By Ryan Pfeffer
By John Thomason
By John Thomason
By Andrea Richard
By Fire Ant
By Andrew Soria
By Dana Krangel
By Andrea Richard
Successful dramatic thrillers share three common elements: deceptive characters, unexpected plot twists, and a lifeless body. The sluggish production of Ira Levin's 1978 comedy-thriller Deathtrap, now playing at the Off Broadway Theatre in Wilton Manors, gets the lifeless part right.
Master mystery playwright Sydney Bruhl (Brian C. Smith), Deathtrap's protagonist, knows what it takes to make a thriller work. In his studio (marvelously realized in Jay Tompkins' set), located in a converted stable on his nine-acre Connecticut estate, mementos from Sydney's past Broadway triumphs share wall space with an arsenal of guns, knives, and medieval maces.
But Sydney suffers from a serious case of writer's block and now lives off his wealthy wife Myra (Carole Vaughn) and the money he makes conducting occasional seminars for fledgling playwrights. After one of his students, Clifford (Gregg Baruch), sends him a first draft of what Sydney considers to be a sure-fire hit, he fumes with jealously -- until he realizes that he is the only person besides Clifford who has seen the script. A desperate Sydney invites Clifford over to offer a few pointers, first making certain that Clifford agrees to bring along all existing copies of the script.
Bursting with dreams of glory, Clifford arrives only to be greeted by Myra's suggestion that Sydney share in the play's profits as a collaborator. Additionally, Sydney buffets Clifford with queries about his friends, future appointments, and living arrangements. Little wonder that the script meeting's discordant vibrations draw the attention of the Bruhls' new neighbor, famed Dutch psychic Helga Ten Dorp (Patti Smith), who senses terrible things will occur in the studio.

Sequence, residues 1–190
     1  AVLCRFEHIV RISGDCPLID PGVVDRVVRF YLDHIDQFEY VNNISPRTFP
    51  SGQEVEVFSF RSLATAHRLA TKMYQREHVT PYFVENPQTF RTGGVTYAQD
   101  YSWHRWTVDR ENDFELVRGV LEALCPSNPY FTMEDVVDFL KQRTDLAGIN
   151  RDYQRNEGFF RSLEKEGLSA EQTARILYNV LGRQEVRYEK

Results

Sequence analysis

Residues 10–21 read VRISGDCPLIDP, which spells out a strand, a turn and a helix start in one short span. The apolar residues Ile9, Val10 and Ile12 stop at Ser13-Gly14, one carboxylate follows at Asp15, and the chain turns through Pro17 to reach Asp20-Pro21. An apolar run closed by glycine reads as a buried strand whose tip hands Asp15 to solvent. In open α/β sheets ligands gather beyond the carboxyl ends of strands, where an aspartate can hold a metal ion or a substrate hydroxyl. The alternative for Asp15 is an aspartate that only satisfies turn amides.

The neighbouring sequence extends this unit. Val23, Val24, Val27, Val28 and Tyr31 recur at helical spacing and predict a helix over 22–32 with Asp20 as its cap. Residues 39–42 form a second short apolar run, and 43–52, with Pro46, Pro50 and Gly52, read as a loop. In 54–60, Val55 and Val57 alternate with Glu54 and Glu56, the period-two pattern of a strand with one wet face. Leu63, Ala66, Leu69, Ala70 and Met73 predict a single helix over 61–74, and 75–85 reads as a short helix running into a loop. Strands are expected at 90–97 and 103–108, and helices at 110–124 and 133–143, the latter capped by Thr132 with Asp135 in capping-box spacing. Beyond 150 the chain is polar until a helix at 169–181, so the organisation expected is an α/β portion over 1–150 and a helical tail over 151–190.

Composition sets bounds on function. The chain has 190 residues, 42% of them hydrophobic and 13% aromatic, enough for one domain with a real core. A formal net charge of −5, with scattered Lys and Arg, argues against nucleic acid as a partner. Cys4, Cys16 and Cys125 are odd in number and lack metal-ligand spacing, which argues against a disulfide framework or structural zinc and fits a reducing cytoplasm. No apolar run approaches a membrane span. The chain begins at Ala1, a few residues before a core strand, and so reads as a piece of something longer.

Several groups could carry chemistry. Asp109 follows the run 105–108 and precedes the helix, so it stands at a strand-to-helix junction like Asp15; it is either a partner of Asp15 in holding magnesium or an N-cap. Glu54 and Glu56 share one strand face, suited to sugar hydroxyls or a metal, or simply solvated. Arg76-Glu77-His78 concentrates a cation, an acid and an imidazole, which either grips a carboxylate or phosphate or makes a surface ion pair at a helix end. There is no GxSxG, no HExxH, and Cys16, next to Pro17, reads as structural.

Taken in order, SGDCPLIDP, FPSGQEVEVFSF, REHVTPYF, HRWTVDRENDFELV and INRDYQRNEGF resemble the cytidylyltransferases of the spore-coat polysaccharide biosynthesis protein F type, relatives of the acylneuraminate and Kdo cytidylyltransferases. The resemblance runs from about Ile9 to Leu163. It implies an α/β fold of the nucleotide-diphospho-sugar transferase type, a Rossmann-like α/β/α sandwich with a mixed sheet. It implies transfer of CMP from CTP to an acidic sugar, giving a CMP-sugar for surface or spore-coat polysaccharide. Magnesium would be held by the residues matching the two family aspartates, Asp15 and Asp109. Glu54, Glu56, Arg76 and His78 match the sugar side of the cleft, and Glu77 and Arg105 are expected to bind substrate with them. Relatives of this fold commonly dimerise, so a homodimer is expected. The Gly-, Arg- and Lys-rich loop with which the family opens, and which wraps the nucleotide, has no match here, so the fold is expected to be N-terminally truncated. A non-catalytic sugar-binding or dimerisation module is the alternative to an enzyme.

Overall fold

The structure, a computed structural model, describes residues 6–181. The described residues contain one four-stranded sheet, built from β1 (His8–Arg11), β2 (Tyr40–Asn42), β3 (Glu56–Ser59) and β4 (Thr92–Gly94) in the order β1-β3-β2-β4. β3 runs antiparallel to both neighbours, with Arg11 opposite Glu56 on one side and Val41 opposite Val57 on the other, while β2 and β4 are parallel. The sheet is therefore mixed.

And not surprisingly they do, as over the course of six scenes alliances are made, tables are turned, and murder is committed. But Deathtrap, where is thy sting? Thanks to actor-director Smith's languid pacing, which affords us too much time to ponder the red herrings, and the cast's predictable portrayals, Levin's dramatic puzzle never startles us; nor does it leave us uneasily pondering how well we can ever know someone. With the words possible victim hovering unseen over her head from the start, Vaughn's whiny Myra is hardly the checkbook-wielding force who can manipulate her brilliant husband. Similarly, only a fool would trust Baruch's yuppie writer, who makes it clear he will stop at nothing to succeed.
Deathtrap's success, however, depends on the cold manipulation of the aloof Sydney, whom Smith makes too ingratiating to be menacing. As for Patti Smith, she transforms her Ten Dorp into a psychic-hotline buffoon, offering welcome comic relief. Robbed of its suspense and fascinating characters, this Deathtrap is more whydoit than whodunit.
Grandma Sylvia's Funeral.
Created by Glenn Wein and Amy Lord Blumsack. Directed by Glenn Wein. Starring Glenn Wein, Bonnie Black, and Laura Freundlich. Ongoing. For more information call 954-344-7765 or see "Stage Listings."
Written by Ira Levin. Directed by Brian C. Smith. Starring Brian C. Smith, Gregg Baruch, and Carole Vaughn. Through December 31. For more information call 954-566-0554 or see "Stage Listings.